When I was growing up, I thought it was plain uncool for a guy in high school to listen to female musicians. Looking back, it might have had something to do with the Southern Albertan embrace of traditional gender stereotypes. It could also have had something to do with my deep-seated fear of anyone on the senior boys basketball team finding out I had once accidentally found myself humming along to Alanis Morissette. Whatever the case, I steered clear of female songwriters in high school and I escaped with my “cool, bro” reputation intact. Boy, did I miss a lot.
Thankfully, in my first year of university, a friend of mine introduced me to the music of Ani Difranco, who somehow managed to remove my patriarchal ear plugs and get me to really listen. She helped me lower my guard and recognize the fact that I was missing out on half of human experience with my selectively sexist listening habits. So, in honour of all the female songwriters who have since then influenced and shaped the way I listen to music, and the way I write songs, here’s a list of six songs by some of the female songwriters who have had the greatest impact on me:
Anais Mitchell – “Tailor” – This song so perfectly captures the way a person can be tempted to change who they are to meet the desires and expectations of another, only to be left questioning their identity when the relationship ends. I’m a sucker for a song where the meaning of a repeated lyric can change subtly over the course of a song. It’s a beautifully crafted conceptual song, on a record I return to more than almost any other (Young Man in America).
Chrisy Hurn-Morrison of Basement Revolver- “Wax and Digital” – Chrisy is a dear friend of mine, and one of my favourite songwriters. I’ve always admired her ability to write simply, yet beautifully, and to make every word count. Wax and Digital is one of the current contenders for best Basement Revolver song in my opinion. It chronicles moments spent with her partner, listing the songs and album titles that are the soundtrack of their relationship. It’s a deeply personal song, yet easily accessible to anyone who knows the joy of sharing the things they love with the people they love.
Phoebe Bridgers – “Graceland Too” – Every few years, a new songwriter will come along who stops you in your tracks and demands your attention with their unique voice and focus. I knew from the first listen through Stranger in the Alps that Phoebe Bridgers was one of those writers. She writes bluntly about the ways that our pasts can haunt and continue to harm us, but she somehow sneaks in this bit of optimism about our ability to make new right decisions and free ourselves of that baggage. “Graceland Too”, from the album Punisher, captures this better than anything else she’s written. It has this lilting simplicity to it, but you’re left with this intense hope: that we can find love and understanding in another person, even when we’re still splintered, through simple acts like eating saltines on the bedroom floor.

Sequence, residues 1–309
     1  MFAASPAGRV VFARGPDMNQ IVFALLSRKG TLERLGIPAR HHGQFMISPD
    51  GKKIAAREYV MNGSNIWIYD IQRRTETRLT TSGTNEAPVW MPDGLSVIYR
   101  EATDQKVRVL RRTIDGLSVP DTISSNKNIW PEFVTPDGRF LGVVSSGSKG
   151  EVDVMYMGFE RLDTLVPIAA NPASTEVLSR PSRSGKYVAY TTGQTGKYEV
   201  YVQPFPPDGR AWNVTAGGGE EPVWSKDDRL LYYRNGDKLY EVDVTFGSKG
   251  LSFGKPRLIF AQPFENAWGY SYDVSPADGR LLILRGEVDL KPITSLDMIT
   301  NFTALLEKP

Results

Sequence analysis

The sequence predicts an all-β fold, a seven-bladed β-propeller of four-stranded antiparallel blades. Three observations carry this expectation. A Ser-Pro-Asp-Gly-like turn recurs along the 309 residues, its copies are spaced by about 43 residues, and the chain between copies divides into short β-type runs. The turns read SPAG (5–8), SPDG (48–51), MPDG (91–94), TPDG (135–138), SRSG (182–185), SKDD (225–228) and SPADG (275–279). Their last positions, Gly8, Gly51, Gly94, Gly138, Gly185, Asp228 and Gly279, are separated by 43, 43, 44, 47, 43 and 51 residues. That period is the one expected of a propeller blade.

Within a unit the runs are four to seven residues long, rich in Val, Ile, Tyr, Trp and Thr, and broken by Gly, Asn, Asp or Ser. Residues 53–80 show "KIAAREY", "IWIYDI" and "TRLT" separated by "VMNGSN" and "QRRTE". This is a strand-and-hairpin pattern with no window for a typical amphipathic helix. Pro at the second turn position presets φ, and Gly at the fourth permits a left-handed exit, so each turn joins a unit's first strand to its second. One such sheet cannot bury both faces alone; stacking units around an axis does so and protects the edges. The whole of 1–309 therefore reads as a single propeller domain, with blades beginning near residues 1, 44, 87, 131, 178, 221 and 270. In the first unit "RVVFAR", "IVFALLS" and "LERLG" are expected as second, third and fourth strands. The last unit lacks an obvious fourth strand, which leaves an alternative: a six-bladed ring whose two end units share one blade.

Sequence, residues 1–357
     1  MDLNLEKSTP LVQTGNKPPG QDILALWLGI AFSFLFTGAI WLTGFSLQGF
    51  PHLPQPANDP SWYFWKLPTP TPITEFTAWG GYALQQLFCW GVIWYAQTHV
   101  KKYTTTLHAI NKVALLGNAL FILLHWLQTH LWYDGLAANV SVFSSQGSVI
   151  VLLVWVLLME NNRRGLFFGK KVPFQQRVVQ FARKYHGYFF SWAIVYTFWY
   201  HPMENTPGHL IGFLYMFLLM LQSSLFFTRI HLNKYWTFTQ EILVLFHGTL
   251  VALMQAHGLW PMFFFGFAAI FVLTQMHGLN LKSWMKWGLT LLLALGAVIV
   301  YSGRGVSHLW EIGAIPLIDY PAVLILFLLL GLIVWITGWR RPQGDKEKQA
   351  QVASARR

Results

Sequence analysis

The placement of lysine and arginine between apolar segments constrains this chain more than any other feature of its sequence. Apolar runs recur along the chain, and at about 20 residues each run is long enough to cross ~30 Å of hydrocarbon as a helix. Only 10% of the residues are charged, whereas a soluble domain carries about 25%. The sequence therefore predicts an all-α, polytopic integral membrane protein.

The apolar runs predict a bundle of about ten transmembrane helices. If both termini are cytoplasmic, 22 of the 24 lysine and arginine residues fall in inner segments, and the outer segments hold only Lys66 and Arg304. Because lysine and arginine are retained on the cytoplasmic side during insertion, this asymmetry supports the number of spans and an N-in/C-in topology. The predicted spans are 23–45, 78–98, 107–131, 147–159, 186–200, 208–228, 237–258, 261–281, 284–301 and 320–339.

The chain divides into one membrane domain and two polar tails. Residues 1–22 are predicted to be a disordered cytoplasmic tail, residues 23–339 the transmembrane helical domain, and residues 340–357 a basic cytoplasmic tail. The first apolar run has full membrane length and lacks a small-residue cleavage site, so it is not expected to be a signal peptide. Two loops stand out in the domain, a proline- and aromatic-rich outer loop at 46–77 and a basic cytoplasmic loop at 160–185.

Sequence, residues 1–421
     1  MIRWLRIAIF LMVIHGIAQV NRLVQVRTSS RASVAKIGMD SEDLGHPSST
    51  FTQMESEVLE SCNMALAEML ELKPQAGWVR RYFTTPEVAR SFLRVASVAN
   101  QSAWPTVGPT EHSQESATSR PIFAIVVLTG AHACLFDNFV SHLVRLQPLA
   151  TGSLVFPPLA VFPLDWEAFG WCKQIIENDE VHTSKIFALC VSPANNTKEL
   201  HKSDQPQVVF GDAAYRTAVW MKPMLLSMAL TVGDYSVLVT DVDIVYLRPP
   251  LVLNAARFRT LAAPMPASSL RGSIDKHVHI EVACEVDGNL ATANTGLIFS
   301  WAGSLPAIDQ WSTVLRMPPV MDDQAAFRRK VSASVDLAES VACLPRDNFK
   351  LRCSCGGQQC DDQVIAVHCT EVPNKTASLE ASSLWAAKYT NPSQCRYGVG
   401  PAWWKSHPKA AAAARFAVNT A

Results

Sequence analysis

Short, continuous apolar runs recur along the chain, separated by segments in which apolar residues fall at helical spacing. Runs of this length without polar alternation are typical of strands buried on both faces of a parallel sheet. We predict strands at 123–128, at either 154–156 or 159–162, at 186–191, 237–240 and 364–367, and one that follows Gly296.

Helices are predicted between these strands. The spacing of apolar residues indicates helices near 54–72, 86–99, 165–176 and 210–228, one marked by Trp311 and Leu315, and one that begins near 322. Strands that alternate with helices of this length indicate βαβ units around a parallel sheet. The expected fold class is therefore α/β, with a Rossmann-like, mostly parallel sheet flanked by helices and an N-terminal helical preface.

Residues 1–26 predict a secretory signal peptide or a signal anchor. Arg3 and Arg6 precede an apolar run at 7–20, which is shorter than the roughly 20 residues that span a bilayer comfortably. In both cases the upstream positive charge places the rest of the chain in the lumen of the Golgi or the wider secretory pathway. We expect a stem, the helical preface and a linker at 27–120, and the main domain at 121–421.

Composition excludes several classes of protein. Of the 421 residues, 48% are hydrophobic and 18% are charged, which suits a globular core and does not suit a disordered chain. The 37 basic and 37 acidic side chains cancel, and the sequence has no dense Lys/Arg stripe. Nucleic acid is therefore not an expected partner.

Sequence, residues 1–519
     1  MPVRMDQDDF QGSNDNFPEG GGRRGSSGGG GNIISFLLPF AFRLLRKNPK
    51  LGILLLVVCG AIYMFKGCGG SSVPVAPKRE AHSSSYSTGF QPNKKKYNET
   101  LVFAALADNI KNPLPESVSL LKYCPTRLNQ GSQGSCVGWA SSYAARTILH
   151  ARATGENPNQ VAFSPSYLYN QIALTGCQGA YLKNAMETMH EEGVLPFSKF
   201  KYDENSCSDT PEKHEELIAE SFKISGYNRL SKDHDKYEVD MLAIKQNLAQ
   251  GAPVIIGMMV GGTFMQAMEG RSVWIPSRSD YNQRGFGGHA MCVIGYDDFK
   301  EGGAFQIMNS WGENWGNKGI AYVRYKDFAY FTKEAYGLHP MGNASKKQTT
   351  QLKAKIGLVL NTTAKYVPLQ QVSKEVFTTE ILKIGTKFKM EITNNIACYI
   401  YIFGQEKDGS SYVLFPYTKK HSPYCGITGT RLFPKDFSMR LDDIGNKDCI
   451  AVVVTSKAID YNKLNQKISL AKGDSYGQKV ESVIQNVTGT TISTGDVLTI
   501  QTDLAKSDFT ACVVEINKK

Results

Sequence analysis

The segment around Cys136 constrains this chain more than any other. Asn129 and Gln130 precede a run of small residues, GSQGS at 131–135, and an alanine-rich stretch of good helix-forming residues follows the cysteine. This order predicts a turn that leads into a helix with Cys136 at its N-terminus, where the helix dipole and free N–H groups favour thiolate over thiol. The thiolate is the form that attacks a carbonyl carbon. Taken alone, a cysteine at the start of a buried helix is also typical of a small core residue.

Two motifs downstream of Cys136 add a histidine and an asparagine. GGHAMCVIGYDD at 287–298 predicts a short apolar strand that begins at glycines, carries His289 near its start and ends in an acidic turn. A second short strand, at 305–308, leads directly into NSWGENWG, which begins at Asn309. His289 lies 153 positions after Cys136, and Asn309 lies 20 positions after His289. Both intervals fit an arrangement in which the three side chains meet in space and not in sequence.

Nabi Sue Bersche of Ellevator – “St. Cecilia” – I met Nabi playing coffeehouses at her parents home near Guelph, Ontario, and I was immediately floored by both her voice, and her incredible warmth and encouragement. She’s a prolific, talented writer, and the fact that she saw something in my songs gave me the confidence to keep writing for years after we first met. “St. Cecilia” is a song about dealing with all the shit you have to deal with as a woman in the music industry, and how it forced her to sharpen her defenses and put up a guard. It’s often stuck in my head as I walk around my hometown, and it’s made me more conscious and aware of the gender and power imbalance in the industry.
Ani DiFranco – “Both Hands” – This song is a vibe. I first heard it while driving out on a flat stretch of road on the prairies, clear blue sky stretching in all directions, no destination in mind. It was a fitting setting for a song about leaving one place or person behind, accepting that no matter how hard you tried, it’s time to move on.
Julien Baker – “Appointments” – I vaguely remember watching an interview with Julien Baker where she told the story behind the title lyric in the song. Essentially, she was feeling quite down and someone close to her casually suggested that she might feel better if she “just [tried] not to miss any more appointments…” As if getting your ass out of bed isn’t the most difficult thing in the world when you’re feeling depressed! I love how she took that simple, likely well-intentioned comment and made it the centerpiece for a song about her struggles with mental health and how it can impact the ones we love.
Jennifer Castle – “Texas” – Just listen to the first few lines of this song, most notably: “When they find out
I’m not a young American // And they whip me with the belt of Orion”. How do you write a lyric like that? I’ve had this song stuck in my head more than any other song for the past two years.
Listen to Timid, the Brave‘s new single here.